Everyone who consistently walks into the gym wants to be better. The continual learning process that happens there is part of the appeal of boxing. It's a constant challenge to better yourself and improve. However, that only really happens when a strong foundation is laid and you're able to do the right things right. Right? So here it is...
Seven Things You Can Do to Improve your Technique.
1. Shadowbox in a mirror. There are some fighters who continually shy away from watching themselves when they shadowbox. They either feel uncomfortable punching the air and mimicking fighting or don't know what to focus on. Think about the basics and watch yourself doing them. Hands up. Elbows-in. Chin down. Bend at your knees, not at your waist….the basics. If you don't really know the basics, then find a good coach. If you don't have access or know how to find a good coach, there are plenty of good resources online, just be sure they're a credible source. TITLE Boxing's YouTube channel is one resource.
2. Record your workout. Not sure why you feel awkward?? Are you getting hit too much? Can't seem to get any power in your punches? You might be surprised at the mistakes you'll catch yourself making when you record your workout and then go back and review it. Taking an outside perspective and being objective about what you see is always beneficial because what you think you're doing, what it feels like you're doing, isn't always necessarily what you actually are doing.
3. Don't assume you're executing the basic movements correctly. Even if you “know how to fight”, it's easy to stray from doing the most basic moves properly. Slow your workout down from time to time and break down your moves. Are you turning your punches over? Are you rolling your shoulders? Is your weight balanced? Are you moving your head in between combinations? Rushing through every workout without taking some time for self-evaluation is like skipping to the end of a good book. You may get the gist of the story, but you've missed all of the details in the process.
4. Study what successful fighters do well. Not all famous athletes do everything correctly. Some
even have some bad habits or poor technique, but you should know enough about the sport to see when a good fighter is doing something well. Pick up on his movements, study them and see why they work. Chances are...because they're rooted in good, fundamental boxing. Copy him.
5. Strengthen your weaknesses. The first thing to go when you're tired is technique. When you get fatigued, you get sloppy, so be sure to get and stay in good shape. That way you have the ability to execute proper form. You can't think about perfect form when you're struggling to just make it through the round. If you're sucking wind, your technique is probably sucking too.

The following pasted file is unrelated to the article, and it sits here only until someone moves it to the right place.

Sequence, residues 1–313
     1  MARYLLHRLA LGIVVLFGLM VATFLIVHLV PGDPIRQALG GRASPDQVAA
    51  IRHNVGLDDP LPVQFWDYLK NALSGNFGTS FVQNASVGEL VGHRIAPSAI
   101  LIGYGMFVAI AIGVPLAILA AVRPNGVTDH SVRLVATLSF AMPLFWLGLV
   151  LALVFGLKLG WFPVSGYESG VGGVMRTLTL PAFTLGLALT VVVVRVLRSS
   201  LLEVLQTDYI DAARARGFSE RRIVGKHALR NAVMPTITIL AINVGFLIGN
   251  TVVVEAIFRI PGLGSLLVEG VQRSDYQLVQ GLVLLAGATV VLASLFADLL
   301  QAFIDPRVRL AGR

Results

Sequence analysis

6. Keep it simple. Trying to execute all of the nuances of a top athlete may be putting the preverbal “cart before the horse”. If you're trying to use Floyd Mayweather's shoulder roll defense, throw punches with the intensity of Gennady Golovkin or put together perfect combinations like Timothy Bradley, there's a chance you're not ready for that. Maybe you should be working on perfecting each and every punch with exact form first. Or maybe you're getting so caught up in looking flashy and slick, that you're ignoring some of the basic principles of fighting. Nothing produces positive results like solid fundamentals performed at their best. You'll go farther in this sport by doing basic moves the very best you can, rather than looking impressive with a couple of cool moves and gimmicky tricks.
7. Understand that perfection requires repetition. Anything worth having takes hard work and discipline. Discipline includes patience to do the boring things, over and over and over again. It's not always fun, but it will get the job done.
Becoming a better boxer isn’t about doing incredible things; it’s about doing the basics extraordinarily well. Although some fighters have developed a signature move or unique style, most of today’s great fighters haven’t reinvented the wheel. They’re doing what every great fighter that’s come before them has done. They learn the basics. They apply their own nuances to them and then they work, train and execute them better than the guy standing across the ring from them.
Boxing has its own complexities, but it all starts and ends with the basics…done right.